– When do those bugs cost the most? When they ‘escape’ to production: the cost of having to stop the production and get back to design is gigantic. And it si your responsibility as an engineer to find them.

– Can EXOSTIV help you find them? You bet. EXOSTIV provides unprecedented visibility.

And finally:

– Why would you reserve a budget for EXOSTIV? Because it pays back if you save 4 weeks of engineering per year. And this can be 4 weeks total for a team that shares one license.

Thank you for reading.
– Frederic

Exostiv for Intel (Altera) FPGA – announcement

Exostiv for Intel FPGA

Announcing… EXOSTIV for Intel FPGA

Using Intel FPGA?

We have exciting news for you: EXOSTIV will soon support Intel FPGA!
Please check the pictures above and below – this is EXOSTIV working with the ‘Attila’ dev kit of our partner, Reflex-CES, equipped with one Arria 10 GX 10AX115N4F40I3SG device.

We are now able to use EXOSTIV Dashboard Analyzer connected to an IP loaded into the design through the board QSFP port (with a QSPF to 4xSFP cable with splitter).
The board FMC connector mounted with our FMC to HDMI adapter works as an access port too! (Click here to check about the connectivity options for EXOSTIV.)

This beta version was shown during the training we co-organized with Telexsus Ltd. in Maidenhead (UK) on October 13rd and at the Europe edition of the Intel SoC FPGA Developer’s Forum (ISDF) held in Frankfurt on October 19th, where Exostiv Labs participated as a Regional Sponsor.

ISDF
The Intel SoC FPGA Developer’s Forum was held in Frankfurt on Oct. 19th.

We are happy to announce the availability of EXOSTIV for Intel FPGA (formerly Altera) for the end of 2016. That’s an exciting new step for us and for EXOSTIV !

Exostiv at ISDF

We would like to thank all our customers using Intel FPGA for their patience. We’ll be in touch!
– Frederic

FPGA debug and verification is different

FPGA ‘debug and verification’ is different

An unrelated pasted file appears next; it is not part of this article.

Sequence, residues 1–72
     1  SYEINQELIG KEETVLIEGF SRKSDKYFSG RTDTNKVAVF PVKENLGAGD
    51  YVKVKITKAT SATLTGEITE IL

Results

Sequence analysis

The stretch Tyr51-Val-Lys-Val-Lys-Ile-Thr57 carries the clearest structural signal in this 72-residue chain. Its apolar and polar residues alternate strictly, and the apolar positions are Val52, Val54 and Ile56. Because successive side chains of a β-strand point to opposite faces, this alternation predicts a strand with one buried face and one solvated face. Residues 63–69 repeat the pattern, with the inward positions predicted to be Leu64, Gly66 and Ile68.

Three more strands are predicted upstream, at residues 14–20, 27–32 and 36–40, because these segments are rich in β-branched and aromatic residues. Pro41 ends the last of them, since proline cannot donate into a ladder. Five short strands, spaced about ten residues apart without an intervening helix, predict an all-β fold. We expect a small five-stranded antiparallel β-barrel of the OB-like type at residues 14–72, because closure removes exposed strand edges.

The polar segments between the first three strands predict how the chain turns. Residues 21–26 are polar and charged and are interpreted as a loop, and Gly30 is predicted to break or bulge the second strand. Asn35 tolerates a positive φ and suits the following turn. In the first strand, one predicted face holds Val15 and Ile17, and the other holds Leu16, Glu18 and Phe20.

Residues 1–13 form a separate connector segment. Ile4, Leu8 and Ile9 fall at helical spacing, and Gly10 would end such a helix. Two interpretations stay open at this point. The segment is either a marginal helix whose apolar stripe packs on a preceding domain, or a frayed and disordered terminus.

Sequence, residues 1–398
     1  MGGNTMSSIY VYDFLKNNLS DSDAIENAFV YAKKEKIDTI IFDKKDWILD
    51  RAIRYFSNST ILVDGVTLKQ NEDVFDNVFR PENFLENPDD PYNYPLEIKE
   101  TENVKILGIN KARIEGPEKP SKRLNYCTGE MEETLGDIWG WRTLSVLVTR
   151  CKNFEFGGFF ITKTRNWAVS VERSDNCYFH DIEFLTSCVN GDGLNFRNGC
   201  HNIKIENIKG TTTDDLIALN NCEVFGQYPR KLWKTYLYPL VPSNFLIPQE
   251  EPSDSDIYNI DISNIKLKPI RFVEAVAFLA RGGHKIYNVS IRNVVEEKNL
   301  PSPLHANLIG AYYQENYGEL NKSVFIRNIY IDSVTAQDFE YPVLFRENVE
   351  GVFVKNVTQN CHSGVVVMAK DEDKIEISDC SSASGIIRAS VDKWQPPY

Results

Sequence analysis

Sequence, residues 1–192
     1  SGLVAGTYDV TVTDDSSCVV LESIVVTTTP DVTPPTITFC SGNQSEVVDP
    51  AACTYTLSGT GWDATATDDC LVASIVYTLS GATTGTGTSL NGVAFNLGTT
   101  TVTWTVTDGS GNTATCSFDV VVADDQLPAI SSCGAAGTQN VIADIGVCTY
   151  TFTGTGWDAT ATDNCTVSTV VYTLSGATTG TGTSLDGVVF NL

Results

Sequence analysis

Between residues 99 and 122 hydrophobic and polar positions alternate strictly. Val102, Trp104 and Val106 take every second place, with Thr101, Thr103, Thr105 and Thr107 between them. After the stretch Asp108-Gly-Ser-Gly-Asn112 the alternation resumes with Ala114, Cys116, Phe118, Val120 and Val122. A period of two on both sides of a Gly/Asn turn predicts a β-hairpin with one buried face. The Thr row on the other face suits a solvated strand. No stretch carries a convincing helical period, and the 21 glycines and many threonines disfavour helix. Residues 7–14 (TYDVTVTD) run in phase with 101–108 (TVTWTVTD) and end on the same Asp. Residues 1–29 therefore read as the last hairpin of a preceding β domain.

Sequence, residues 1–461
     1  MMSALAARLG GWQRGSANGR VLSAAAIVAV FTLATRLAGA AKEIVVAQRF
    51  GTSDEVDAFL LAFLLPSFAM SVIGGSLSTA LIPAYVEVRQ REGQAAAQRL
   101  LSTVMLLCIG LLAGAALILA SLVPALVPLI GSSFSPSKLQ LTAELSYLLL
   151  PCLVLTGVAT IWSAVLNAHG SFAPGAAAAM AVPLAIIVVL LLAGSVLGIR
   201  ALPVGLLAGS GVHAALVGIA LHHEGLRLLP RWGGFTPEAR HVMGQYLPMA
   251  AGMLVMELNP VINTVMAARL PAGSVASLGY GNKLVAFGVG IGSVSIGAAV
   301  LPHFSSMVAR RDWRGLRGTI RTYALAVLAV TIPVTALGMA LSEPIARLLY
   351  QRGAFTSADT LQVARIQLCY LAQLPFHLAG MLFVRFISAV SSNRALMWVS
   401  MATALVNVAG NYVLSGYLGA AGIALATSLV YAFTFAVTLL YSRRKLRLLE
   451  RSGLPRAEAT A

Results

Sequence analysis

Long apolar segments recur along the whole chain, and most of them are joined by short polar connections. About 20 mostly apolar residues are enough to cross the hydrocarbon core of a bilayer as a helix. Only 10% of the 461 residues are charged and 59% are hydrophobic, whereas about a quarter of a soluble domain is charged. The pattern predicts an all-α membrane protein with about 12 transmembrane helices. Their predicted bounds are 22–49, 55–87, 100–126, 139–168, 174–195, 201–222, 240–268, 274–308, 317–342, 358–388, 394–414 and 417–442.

Back in May, we had the pleasure speak and exhibit at a gathering of UK’s NMI (National Microelectronics Institute) titled: ‘FPGA: What next after flicking the switch?’.

The topic of the day was all about what happened after we get to download a design into a live FPGA. When we release Reset and hold our breath… ?

Those interested can download our slides from here

One of the (provocative?) subjects was:

Why is FPGA verification different from ASIC/SoC verification?

Interestingly this month, EE Journal’s Kevin Morris provided an answer in his review of the 52nd DAC: ‘Why verify?’. Kevin Morris says:

There is a common theme in the verification world that FPGA designers play too fast and loose, and that they don’t have proper respect for the verification process. IC designers have enormous verification budgets, capable teams, and sophisticated tools. The simple truth is that fear, not design complexity, drives the advancement of advanced verification methodologies.

I could not agree more.

Without the fear of loosing a gigantic amount of money if an ASIC is not properly verified and debugged, the EDA industry wouldn’t be able to produce (and sell!) all the advanced technologies used by ASIC and SoC designers today.
Like I said in a previous post: ‘It is a question of economics’.

Does this mean that there is no innovation in the FPGA design flow?

Of course not.

At Yugo Systems, we are convinced that FPGA design is different from ASIC and SoC design. For that reason, the FPGA design flow must be improved with tools, software and methodologies dedicated to FPGA. Attempting to use ASIC and SoC tools as ‘out of the box’ solutions for FPGA is the clear path to misfits and frustrations.

In order to get to know better about your specific aspirations in FPGA design, verification and debug, we invite you this month to take a short survey.

We’d be very happy if you could spend 5 minutes on it. If you participate and enter your contact information, you’ll have a chance to win a $100 Amazon gift card.

Click here to take the survey.

Thank you.

– Frederic